Jeremy Corbyn’s ‘Land for the Many’ and Inheritance Tax relief on AIM shares
An independent report commissioned by the Labour party entitled ‘Land for the Many’ proposes, among other interesting suggestions, to replace the current system of Inheritance Tax with a “lifetime gifts tax” levied on the recipient of the gifts. The proposals give rise to obvious fears that children will be taxed for financial assistance given to them during their lifetimes, including assistance to buy a home, as well as facing higher levies on inheritances.
Under the proposed system, a Corbyn led government would levy a tax on the gifts received above a lifetime allowance of £125,000. When this lifetime limit is reached, any income from gifts would be taxed annually at the same rate as income derived from labour under the income tax schedule.
The Resolution Foundation estimate that taxing gifts through the income tax system would raise £15 billion in 2020/21, £9.2 billion more than the current inheritance tax system, and would do so more progressively.
Under the proposal outlined by the Institute of Public Policy Research (‘IPPR’) there would be conditional exemptions for business and agricultural property, under which tax could be deferred until the asset is sold or until the business ceases to be a trading entity and becomes an investment entity. This would allow families to maintain the integrity of agricultural land or business assets.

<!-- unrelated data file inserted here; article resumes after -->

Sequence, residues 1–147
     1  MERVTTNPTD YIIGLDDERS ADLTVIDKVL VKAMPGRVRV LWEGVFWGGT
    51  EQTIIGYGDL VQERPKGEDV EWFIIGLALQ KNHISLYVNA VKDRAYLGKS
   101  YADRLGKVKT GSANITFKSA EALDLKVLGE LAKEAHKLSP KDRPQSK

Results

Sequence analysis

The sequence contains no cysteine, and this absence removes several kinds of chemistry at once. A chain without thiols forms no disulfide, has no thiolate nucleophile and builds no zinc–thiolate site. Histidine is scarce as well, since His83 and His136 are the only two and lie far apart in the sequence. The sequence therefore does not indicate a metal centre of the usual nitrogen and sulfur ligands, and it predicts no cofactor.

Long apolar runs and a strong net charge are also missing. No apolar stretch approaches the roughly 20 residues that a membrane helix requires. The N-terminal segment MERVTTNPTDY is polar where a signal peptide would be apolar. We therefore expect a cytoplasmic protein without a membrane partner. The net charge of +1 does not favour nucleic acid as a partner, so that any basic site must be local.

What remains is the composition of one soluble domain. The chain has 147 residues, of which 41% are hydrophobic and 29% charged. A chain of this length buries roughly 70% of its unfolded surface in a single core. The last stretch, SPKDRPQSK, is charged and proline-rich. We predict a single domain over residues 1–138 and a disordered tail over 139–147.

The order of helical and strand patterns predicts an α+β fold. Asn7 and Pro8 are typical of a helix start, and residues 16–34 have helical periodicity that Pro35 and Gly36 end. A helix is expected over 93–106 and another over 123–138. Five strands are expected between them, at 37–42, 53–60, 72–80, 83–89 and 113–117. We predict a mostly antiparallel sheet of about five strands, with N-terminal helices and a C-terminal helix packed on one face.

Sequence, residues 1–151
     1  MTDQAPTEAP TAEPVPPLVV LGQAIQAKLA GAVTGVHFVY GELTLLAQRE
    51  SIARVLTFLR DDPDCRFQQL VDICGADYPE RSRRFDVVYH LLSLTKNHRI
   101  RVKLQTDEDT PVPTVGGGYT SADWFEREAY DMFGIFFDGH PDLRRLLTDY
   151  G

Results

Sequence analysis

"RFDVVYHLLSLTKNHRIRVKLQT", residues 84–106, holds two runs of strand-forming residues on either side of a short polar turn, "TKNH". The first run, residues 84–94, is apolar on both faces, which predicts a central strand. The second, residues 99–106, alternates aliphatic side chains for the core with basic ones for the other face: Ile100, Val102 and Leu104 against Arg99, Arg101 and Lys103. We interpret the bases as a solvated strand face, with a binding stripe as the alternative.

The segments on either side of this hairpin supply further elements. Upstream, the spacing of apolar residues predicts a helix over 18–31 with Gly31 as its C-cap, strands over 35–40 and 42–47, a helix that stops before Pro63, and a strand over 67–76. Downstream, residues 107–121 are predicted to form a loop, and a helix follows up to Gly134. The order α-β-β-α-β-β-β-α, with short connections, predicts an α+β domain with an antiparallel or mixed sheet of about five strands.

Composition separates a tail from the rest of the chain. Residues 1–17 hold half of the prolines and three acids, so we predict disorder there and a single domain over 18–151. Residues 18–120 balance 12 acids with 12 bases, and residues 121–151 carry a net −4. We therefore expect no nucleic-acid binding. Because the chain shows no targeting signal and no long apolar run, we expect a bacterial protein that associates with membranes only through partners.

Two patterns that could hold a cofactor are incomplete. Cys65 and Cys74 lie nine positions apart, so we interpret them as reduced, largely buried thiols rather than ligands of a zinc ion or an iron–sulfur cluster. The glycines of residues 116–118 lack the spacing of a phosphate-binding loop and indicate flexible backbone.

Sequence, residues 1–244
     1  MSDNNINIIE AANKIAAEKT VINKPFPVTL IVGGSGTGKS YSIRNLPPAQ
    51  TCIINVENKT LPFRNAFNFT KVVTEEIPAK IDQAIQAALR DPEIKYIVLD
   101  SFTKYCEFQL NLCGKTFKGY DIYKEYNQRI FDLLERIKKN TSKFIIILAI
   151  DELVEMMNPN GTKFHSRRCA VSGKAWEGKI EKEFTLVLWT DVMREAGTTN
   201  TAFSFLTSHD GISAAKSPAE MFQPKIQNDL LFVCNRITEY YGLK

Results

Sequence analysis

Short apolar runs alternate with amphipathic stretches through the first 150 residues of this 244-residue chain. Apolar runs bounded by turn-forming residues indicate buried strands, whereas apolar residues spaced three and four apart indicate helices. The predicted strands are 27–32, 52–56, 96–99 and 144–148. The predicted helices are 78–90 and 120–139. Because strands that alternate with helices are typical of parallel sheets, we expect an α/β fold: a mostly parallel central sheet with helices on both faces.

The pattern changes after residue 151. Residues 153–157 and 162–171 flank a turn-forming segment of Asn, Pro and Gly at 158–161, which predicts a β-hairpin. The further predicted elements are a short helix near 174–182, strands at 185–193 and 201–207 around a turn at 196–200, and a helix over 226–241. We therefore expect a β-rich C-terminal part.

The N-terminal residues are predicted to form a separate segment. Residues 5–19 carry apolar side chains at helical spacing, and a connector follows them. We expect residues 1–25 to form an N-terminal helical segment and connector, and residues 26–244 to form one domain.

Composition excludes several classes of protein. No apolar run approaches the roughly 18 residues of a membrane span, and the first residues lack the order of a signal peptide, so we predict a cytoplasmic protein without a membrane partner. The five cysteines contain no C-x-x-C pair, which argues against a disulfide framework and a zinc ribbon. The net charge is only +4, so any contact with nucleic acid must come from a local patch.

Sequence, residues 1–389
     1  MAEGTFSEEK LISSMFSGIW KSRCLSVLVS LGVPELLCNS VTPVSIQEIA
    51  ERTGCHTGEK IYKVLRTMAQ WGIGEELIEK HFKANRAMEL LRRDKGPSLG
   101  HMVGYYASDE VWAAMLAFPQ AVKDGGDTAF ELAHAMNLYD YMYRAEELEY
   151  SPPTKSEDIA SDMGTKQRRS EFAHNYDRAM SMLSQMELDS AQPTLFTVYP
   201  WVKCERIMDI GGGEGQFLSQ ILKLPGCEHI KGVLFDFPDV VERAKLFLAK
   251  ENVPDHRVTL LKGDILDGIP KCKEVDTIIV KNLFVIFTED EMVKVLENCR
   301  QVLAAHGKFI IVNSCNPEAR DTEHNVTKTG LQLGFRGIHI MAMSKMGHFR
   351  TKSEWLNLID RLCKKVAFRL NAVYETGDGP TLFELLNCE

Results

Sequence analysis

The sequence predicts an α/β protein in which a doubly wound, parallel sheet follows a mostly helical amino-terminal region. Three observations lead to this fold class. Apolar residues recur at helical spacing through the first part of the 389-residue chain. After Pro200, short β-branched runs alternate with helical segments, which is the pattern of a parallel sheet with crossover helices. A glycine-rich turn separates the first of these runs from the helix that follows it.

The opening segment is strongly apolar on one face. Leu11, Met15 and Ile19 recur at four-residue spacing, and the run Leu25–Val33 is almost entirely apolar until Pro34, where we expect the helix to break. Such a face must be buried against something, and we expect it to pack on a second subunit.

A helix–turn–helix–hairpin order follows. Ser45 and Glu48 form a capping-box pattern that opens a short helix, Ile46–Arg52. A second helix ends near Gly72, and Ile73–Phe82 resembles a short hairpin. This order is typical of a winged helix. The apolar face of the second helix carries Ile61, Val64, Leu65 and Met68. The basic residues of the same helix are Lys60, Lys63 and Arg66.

There are clear grounds for the proposed tax system to continue supporting Business Relief, which underpins the long-term investment in small trading businesses, the lifeblood of the UK economy.
Many shares listed on AIM, the London Stock Exchange’s market for smaller growing companies, qualify for Business Relief purposes. UK individuals have reaped the rewards of patient long term investment in smaller innovative companies on AIM, many of which have grown into sizeable businesses. Fundamental Asset Management’s Blog has highlighted AIM success stories and also draw attention to the occasional failure.
While the short 2-year qualifying period encourages investment in AIM as a tax planning tool, we would urge investors to consider the longer-term investment benefits.
Our patient, long-term approach has seen our AIM for inheritance-tax planning portfolios materially outperform leading stock market indices over the 15 years we have been investing in AIM.
AIM remains a market for smaller investors, not large institutions, and a place where the individual can enjoy material investment outperformance and continue to support the UK economy.
Fundamental AIM portfolios can be accessed directly or via many leading wrap platforms, including Standard Life, Transact and Elevate.